School Choice Laws and the Parents They Ignore

At least 45 states and the District of Columbia have enacted 102 school choice laws, but those laws barely regard the role of parental rights and responsibilities, according to a new study of education statutes.

In all, the states and nation’s capital have 43 charter school laws, 25 voucher laws, 20 tax-credit laws, 9 tax-deduction laws, and 5 Education Savings Account (ESA) laws on the books, and many of these laws have been beneficial in helping students get out from under the yoke of ineffective education systems.

Nonetheless, says Gerard Robinson, a former commissioner of education for Florida and secretary of education for Virginia, the school choice laws really only pay lip service when it comes to the parents’ rights and responsibilities in their children’s education.

After analyzing results from 20 choice laws in particular, and reviewing 82 other choice laws in general, my research found that regrettably, existing choice laws demonstrate that parental rights and responsibilities in education statutes are little more than a dull roar. More often than not, when ‘parent’ is mentioned in a school choice law, it is about the legal structure of the program or is a brief hat tip toward parents — rather than language that empowers them when it comes to the education of their child.

The reason to involve parents in a child’s education is not just theoretical. Existing research has shown that parent involvement can boost the academic outcomes of students.”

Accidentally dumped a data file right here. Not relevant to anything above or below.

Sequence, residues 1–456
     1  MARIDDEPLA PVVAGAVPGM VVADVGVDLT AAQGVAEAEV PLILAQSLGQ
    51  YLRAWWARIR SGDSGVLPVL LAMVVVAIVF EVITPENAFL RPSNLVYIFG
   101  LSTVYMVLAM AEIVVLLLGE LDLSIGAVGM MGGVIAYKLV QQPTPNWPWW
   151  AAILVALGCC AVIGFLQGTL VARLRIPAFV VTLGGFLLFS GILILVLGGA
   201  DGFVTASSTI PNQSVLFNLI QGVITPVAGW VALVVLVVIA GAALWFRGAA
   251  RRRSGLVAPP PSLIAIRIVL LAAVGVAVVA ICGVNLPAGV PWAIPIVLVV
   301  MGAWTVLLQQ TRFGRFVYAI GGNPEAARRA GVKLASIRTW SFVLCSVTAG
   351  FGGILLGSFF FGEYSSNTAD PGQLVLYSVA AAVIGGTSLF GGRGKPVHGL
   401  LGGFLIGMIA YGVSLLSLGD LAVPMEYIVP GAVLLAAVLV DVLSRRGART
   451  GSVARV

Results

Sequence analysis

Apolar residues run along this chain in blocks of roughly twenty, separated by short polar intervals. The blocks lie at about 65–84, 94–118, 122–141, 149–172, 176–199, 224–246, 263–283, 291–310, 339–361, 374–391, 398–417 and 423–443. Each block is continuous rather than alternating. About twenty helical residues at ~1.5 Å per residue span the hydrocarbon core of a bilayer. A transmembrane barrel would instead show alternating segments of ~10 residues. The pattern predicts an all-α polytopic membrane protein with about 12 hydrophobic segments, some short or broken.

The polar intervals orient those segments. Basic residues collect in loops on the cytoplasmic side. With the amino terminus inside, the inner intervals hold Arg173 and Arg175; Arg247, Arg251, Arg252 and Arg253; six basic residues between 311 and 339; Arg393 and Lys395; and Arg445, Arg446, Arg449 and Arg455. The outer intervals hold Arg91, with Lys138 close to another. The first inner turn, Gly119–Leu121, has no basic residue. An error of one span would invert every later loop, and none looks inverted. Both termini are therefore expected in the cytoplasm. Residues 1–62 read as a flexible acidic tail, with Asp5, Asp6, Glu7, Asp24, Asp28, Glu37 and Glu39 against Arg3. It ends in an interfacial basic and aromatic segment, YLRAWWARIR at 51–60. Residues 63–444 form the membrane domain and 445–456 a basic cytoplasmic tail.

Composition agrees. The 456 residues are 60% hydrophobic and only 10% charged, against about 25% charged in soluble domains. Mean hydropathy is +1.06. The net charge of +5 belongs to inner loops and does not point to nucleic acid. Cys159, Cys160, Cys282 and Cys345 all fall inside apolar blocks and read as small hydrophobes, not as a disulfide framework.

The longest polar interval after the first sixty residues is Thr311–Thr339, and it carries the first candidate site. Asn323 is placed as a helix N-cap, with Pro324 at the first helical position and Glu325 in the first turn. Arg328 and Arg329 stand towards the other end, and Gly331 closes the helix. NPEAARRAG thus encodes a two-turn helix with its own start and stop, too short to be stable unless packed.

This is not to say that parents are ignored in the laws. Robinson notes that parents are mentioned quite a bit, but mainly in the context of the authority to opt their children in or out of traditional schooling as well as in the funding of Education Savings Accounts.

Those mentions don’t really address the rights and responsibilities of parents in their children’s education, and to hear it told by mass media, students are better off if their parents don’t get involved. Googling “parental expectations” brings up an array of stories about the damage parental expectations can wreak on children’s performance and grades.

But really, that is a lot of hype.

Several studies show that not only do children assimilate better when they have behavioral norms placed on them by parents — punishment for bad behavior and reward for good — but involved parenting actually raises students’ performance in school by as much as four-tenths of a grade point across student age groups.

Several studies have shown how technology can play a role in enabling parents to participate in their children’s education, with a positive outcome. Programs already in existence in some areas include daily text updates to parents or portals for parents to review their kids’ assignments and their progress on curricula.

But the rights and responsibilities question goes beyond merely helping one’s child do his or her homework or keeping an eye on them while they’re out of sight. If parents are to be involved in raising their own children, why would they leave it to the state to determine what level of involvement they should have?

By insisting on greater rights and responsibilities in the educational system, Robinson contends and the evidence supports, schools are better equipped to teach, and parents are one step closer to improving their children’s outcomes.

Read Gerard Robinson’s survey on school choice laws and the acknowledgement of parents’ rights and responsibilities.